Jerome Stueart is a writer who came to Canada from Texas in 2001, settling in the Yukon Territory. He lived there for three years, loved it, and so went back to Texas to finish his degree and to immigrate to Canada. He returned to the Yukon Territory, a landed immigrant, in 2007.
Jerome’s degrees are in English, (creative writing with a hefty dose of American Literature). He has taught American Literature, World Literature, and British Literature survey courses in colleges in the United States–but admits he’s “woefully ignorant” of the literature of his new country. Americans, he says, are familiar with very few Canadian writers, and these primarily because of the New Yorker and other similar magazines: Margaret Atwood, Alice Munro, Michael Ondaatje. Alice Munro is still considered the premiere short fiction writer in North America by Americans. However, that’s where his original knowledge of Canadian literature ended.
Since being here, he has read several Canadian works of fiction, poetry and drama, and you can see these on his What He’s Read page. Jerome is currently on the Yukon team of Canada Reads. He also teaches writing and literature at Yukon College, and fosters a science fiction writing group for teen writers, Rocketfuel. He’s also fully engaged in a group of adult science fiction and fantasy writers that meet regularly.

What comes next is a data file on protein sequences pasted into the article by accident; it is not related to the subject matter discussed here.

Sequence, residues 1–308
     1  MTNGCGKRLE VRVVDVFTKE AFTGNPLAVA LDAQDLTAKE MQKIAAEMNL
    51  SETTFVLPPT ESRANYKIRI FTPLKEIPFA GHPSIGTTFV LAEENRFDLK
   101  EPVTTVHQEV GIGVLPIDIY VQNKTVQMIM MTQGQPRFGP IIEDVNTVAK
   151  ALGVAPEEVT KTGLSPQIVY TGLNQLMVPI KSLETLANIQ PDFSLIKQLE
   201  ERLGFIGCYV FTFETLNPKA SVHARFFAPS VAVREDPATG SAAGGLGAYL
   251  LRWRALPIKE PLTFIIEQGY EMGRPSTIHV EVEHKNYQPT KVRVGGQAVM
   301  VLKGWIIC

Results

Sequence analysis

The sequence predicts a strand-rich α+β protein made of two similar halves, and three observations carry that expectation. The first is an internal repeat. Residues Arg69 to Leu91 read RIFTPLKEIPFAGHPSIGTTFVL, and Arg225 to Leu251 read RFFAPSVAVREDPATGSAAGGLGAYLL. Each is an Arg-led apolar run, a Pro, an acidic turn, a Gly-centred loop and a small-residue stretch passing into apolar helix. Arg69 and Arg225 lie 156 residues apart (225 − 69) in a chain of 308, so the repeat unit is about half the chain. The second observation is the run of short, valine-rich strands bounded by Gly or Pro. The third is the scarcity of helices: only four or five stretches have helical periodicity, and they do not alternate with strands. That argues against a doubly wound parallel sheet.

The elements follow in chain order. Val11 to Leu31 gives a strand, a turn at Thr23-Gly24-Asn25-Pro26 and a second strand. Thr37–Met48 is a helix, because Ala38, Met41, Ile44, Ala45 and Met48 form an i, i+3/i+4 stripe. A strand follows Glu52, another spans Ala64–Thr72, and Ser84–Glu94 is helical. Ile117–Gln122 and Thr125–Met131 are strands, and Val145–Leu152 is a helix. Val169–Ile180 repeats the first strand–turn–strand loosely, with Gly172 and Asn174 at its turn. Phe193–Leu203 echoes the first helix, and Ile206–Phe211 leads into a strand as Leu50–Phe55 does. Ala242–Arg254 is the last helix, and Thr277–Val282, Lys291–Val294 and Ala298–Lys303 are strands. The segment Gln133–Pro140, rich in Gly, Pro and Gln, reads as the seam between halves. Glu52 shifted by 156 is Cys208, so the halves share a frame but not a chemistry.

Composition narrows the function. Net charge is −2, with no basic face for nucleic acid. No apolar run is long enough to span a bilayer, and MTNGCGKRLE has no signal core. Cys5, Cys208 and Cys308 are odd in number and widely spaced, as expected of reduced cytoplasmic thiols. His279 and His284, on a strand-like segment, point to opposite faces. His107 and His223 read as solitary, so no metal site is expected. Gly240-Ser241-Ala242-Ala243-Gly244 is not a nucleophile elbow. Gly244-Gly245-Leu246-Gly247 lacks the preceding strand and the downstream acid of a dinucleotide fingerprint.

He’s published in Fantasy Magazine, Strange Horizons, Geist, Joyland, Evolve: vampire stories of the new undead, and in three Tesseracts anthologies. A full list of Jerome’s publications can be read on his other website: Yukon Science Fiction Writer
However, just because he writes science fiction and fantasy doesn’t mean that he’s only interested in reading it. He enjoyed Yann Martel’s Life of Pi, and is interested in Miriam Toews’s A Boy of Good Breeding, Annabel Lyon’s The Golden Mean, and books by Timothy Findley, Shyam Selvadurai, and others.
Jerome spends the rest of his time being a Yukoner. He’s been a trolley conductor, performed in the Frantic Follies, been the communications officer for a remote science station, Kluane Lake Research Station; worked for Yukon Bureau of Statistics doing surveys, been a reporter for What’s Up Yukon, worked for Nakai Theatre, and done as much radio with CBC as he is allowed to do.
He likes hanging out at Baked Café, hiking in the Hidden Lakes area, walking the Millennium Trail, attending the Available Light Film Festival, Rendezvous, Frostbite, Yukon Quest, Pivot Theatre Festival, Writer’s conferences (well, actually, all the cool events of the Yukon), performances at the YAC, promoting Whitehorse, singing at church, supporting PFLAG, and writing. One day he will meet a polar bear and they will live happily ever after.